The small coastal town of Scilla just north of Reggio on the Costa Viola was the last stop on my tour of the Calabria region. I could not wait to see this ancient and pretty site with several links to mythology, especially the story of the two monsters who terrorised sailors in the Strait of Messina: Scylla and Charybdis.
According to several ancient writers, the origins of Scilla date back to the time of the Trojan war (1260-1180 BC). It may have been founded by people migrating south from the areas of Spain and Liguria, northern Italy. Most of them were fishermen and they liked the area of Scilla as the rocks on the coast were ideal for fishing. Due to pirate invasions over the centuries, the population gradually moved higher up the slope and turned from fishing to farming and hunting. It was fortified by controlling Reggio authorities to protect the area against pirates, who continued to attack over subsequent years.
The first thing you see when you arrive is the imposing Castle Ruffo looming above you on the huge rock of Scilla. Originally built for defensive purposes, it was converted into a residence by Count Paolo Ruffo around 1533.
We started our trip to Scilla with lunch at one of the beach-side restaurants. Among all the delicious seafood you can try here, swordfish is a local speciality. The man running the restaurant recommended we head around the rock to see the picturesque fishing village of Chinalea on the other side, where many of the houses are built right on the sea. We wandered around and had a look at some of the colourful little boats.
In the town we saw that many of the people had their boats at the side of their homes like average people have their cars in the driveway. The turquoise and azure waters were waiting just a few metres away.
We also saw this pretty mermaid statue in the centre, and that’s when I started to think about the mythological aspects of the place.
In Greek mythology, Scylla was a water monster who lived on one side of a channel, opposite another monster, Charybdis. This channel became associated with the strait of Messina between the coasts of Calabria and Sicily. Sailors had to try to sail through the channel without getting caught by either Scylla or Charybdis, but if they sailed too far away from one monster, the other was likely to catch them. Scylla appears, for example, in Homer’s famous Odyssey: when Odysseus’ ship passes too near to her lair, she catches six of his companions and eats them.
In some versions of the myth, originally Scylla was a beautiful nymph that the sea god Glaucus fell for. When he made advances, she ran away, so he went to the sorceress Circe to ask for a magical potion to make Scylla fall in love with him. However, Circe liked Glaucus, so out of jealousy she gave him a poison, telling him to put it in the waters that Scylla bathed in to enchant her. When he did so however, the poison turned Scylla into a frightful sea monster with tentacle legs and dog heads around her waist. As a result she went to hide in the rock of Scilla in her shame, and only came out to terrorise sailors.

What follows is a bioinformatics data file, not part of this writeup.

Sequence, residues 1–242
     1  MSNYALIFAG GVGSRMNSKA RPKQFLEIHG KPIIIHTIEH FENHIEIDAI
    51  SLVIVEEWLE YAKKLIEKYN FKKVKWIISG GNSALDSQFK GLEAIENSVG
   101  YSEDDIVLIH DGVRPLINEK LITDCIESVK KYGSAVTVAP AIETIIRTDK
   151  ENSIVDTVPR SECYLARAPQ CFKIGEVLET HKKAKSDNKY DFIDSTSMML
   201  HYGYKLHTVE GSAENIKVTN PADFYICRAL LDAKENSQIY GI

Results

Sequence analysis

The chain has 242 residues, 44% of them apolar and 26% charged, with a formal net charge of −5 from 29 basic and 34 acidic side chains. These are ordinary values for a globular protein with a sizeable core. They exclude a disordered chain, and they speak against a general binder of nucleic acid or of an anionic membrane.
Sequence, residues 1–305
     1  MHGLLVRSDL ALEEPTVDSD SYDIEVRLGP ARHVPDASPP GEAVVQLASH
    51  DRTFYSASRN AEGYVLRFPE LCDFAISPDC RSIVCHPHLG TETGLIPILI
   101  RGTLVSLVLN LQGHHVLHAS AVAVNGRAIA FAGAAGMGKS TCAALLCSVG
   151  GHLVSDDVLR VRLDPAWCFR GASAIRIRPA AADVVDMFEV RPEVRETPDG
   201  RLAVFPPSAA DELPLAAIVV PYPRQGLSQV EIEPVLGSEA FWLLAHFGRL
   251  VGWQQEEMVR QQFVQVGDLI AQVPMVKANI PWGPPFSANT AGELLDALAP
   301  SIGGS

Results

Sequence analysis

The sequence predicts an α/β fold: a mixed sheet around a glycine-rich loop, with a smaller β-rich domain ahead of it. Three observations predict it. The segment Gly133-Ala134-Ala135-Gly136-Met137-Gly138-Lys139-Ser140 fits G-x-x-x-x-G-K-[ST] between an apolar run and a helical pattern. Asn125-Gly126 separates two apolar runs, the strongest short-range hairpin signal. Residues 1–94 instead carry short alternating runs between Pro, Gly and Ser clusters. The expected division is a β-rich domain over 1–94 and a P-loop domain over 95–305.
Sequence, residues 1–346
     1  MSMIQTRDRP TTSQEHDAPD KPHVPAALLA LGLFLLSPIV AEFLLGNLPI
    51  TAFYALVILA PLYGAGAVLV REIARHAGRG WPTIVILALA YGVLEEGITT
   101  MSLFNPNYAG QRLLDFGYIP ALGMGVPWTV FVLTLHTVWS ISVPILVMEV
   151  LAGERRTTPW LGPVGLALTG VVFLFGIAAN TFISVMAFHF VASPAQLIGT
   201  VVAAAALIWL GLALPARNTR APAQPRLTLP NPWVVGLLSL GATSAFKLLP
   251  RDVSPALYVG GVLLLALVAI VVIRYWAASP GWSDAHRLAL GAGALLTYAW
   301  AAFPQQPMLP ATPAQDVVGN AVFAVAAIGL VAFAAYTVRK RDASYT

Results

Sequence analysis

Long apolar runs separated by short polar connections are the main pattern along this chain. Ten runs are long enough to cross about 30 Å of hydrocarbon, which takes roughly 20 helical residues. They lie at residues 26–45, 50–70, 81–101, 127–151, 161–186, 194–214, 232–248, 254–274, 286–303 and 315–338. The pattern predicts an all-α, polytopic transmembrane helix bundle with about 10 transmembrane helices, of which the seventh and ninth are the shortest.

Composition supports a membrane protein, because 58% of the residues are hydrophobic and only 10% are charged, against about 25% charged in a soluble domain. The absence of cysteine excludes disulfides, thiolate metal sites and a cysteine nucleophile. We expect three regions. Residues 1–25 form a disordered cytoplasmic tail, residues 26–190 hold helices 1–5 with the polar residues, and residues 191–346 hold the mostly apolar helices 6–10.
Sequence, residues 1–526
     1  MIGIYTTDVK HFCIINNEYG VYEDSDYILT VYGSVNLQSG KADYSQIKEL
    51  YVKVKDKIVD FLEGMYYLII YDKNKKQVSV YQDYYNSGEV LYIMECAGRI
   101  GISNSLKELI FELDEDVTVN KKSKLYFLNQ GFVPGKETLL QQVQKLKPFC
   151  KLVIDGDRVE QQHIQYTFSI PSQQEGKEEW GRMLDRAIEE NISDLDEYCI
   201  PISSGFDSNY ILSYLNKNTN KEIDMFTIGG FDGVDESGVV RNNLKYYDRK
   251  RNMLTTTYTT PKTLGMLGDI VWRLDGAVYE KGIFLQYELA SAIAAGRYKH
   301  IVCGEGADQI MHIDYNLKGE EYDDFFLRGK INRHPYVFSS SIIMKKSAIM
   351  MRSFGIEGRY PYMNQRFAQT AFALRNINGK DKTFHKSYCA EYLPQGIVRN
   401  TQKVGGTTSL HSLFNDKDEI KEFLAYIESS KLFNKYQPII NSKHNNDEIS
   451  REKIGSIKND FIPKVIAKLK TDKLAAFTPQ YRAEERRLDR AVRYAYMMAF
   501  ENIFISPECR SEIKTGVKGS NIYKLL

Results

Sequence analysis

The fascinating story has been interpreted by many different painters and artists over the years. Several focus on Scylla’s beauty before she was transformed into a monster. One of my favourites is this interpretation by Flemish painter Bartholomeus Spranger, dated around 1580-82. I especially like the colours and composition, and the way the brightness in the foreground contrasts with the dark, ominous atmosphere in the back.
Here’s a version by Agostino Carracci in Rome’s Palazzo Farnese (now the French embassy to Italy). This again focuses on the love Glaucus felt for Scylla, before her fateful change. This is quite unusual as it shows the two embracing, while according to the myth Scylla rejected Glaucus’s advances.
Glaucus and Scylla by Agostino Carracci, Palazzo Farnese, Rome (circa 1597-1602)
Many artists have portrayed Glaucus’ initial attempts to pursue Scylla, and her rejection of him. Here’s one such version by Filippo Lauri (1623-94):
Other versions start to get to the darker moment, when pretty Scylla bathes in the poisioned water and starts to turn into a monster. Heres one by Peter Paul Rubens dated to 1636, showing the nymph’s horror as she realises what is happening to her:
Scylla and Glaucus by Peter Paul Rubens (circa 1636)
And here’s a slightly different interpretation by Dutch painter Eglon van der Neer, dated 1695. This shows the moment the spell is cast, in this case by the sorceress Circe in person, and poor Scylla starts becoming a monstrosity:
Circe punishes Glaucus by turning Scylla into a monster, by Eglon van der Neer, 1695
While Scylla haunts the large rock on the Calabrian coast, on the opposite side is Charybdis, interpreted most commonly as a whirlpool or a monster that creates whirlpools by taking in water and then belching it out. The saying “between Scylla and Charybdis”, links back to the myth of these two monsters, and refers to the idea of being in the middle of two difficult situations, when avoiding one will almost certainly lead you into the arms of the other.
Once we had seen the fishing village of Chianalea, we went back around to the Marina, and there we took a dip in the glistening waters. Swimming through the waves here, I thought about all the associated myths, I imagined the nymph Scylla, and I felt amazed and also a little fearful to be bathing in such an enchanted place.